Integrated Safety - or Not! ...Plus 6 Comments; Do You Agree?


We’ve all heard lots of arguments both for and against a fully integrated architecture for safety and general control. In the process world they’ve maintained a separate SIS (Safety Instrumented System) solution for safety creating a separate layer in their architecture for performing the safety functions. However, in the machine world when PLC’s were introduced in the 1970’s, standards groups rushed to exclude PLC’s from anything safety because the early technology wasn’t very reliable. Guess what happened?

Right, “anything safety” had to be hard wired relegating the safety functions to a separate layer and typically electromechanical devices. This is how the machinery world continued to live until 2002 when NFPA 79 changed allowing hardware / software devices designed, tested, and listed for safety applications. This change in the standard opened the door for options in technology, engineering, and design - to integrate safety - or not!

So, to answer the question today you have to look at your application and consider your options. Also, evaluate your risk assessment, the identified hazards, and what’s required to mitigate the identified hazards to tolerable levels. Layered safety and integrated safety are now options for you to consider along with your company’s safety policy, objectives, and business model.


Posted by J.B. Titus on August 14, 2009


September 2, 2009

In response to: Integrated Safety - or Not!fatcat commented:


As a designer I agree with the latest comment. As the are three approaches to minimize risk - inherently safe design measures, safeguarding and complementary safety measures, and information for use, the first and most important step in the risk reduation process is inherently safe design, because protective measures inherent to the characteristics of the machine are likely to remain effective, whereas experience has shown that ever well-designed safeguarding may fail or be violated and information for use may not be followed.

September 2, 2009

In response to: Integrated Safety - or Not!Celso Valdez commented:


Standars are very good start point to desing, machine, control sistem, SIS etc. Depending of the risk identified and the tolerance allowed by client to the risk and the size of the sistema or machine there are lots of safety devices and solutions to implement. So The core fact from my point of view is safety must be in mind anytime someone desing and contruct any sistem or machine and the new technologies, like smarts devices, control networks, control buses etc have lots of features which when used in accordance with standars can improve safety.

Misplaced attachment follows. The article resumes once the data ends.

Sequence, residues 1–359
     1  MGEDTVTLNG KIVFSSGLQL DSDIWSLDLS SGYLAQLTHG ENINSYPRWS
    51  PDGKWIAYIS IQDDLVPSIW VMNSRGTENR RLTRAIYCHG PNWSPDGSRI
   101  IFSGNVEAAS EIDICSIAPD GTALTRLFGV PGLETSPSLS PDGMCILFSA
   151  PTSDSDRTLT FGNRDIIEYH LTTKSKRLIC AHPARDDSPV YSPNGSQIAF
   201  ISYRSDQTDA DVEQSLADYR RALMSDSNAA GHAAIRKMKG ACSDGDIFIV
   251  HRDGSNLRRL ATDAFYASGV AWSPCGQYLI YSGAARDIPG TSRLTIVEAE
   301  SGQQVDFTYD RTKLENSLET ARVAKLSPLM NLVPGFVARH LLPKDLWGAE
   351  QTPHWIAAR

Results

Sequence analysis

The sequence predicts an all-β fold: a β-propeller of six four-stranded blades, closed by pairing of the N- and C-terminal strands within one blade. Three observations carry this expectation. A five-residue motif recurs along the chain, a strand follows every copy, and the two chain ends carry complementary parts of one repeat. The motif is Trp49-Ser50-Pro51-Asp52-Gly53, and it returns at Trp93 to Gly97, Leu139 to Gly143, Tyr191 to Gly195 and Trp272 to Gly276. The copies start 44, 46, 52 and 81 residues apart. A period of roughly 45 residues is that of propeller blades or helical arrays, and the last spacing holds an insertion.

September 2, 2009

In response to: Integrated Safety - or Not!Stan Lichtenberg commented:


That is always a hard question. Do you add a PLC to a simple machine just to integrate safety or not? There is no hard and fast line that marks the crossing from 1 to another. But I have seen a PLC added for a couple limit switches and E-Stop buttons. Was that really necessary? In my work I usually am rebuilding older equipment and I present both systems where possible to the customer and let them decide.

September 2, 2009

In response to: Integrated Safety - or Not!Krzysztof Majczak commented:


Certainly, it’s always better to have options – one or another.

But from my perspective, the most important achievement of functional safety is introducing standards and methodology to approach safety. Thanks to 61508/62061, 13849 most of guess-work and wishful thinking have been eliminated. The process of DFS (in my terminology – design for safety) eliminates from start most of costly mistakes and makes safety an achievable goal.

September 2, 2009

In response to: Integrated Safety - or Not!haridoz commented:



September 2, 2009

In response to: Integrated Safety - or Not!Steve Ludwig commented:


We (Rockwell Automation) agree that the safety solution is dependent on the needs of the machine, which is why we provide a full range of safety solutions including component-based, programmable and integrated safety automation systems.

Machine builders should consider safety a core design function rather than an added function after design is complete. Designing safety and sustainability into the machine reduces risk and improves machine performance.

In less sophisticated applications, simple electromechanical devices may be perfectly adequate. However, more advanced machines can now leverage control architecture that performs multidiscipline control tasks, such as motion and safety in the same controller. These systems use the intelligence and diagnostics of the automation system to operate the machine in the most efficient manner, reducing nuisance shutdowns, waste and energy consumption for the end user, and reducing the design, manufacture, programming and start-up costs of the machine builder.

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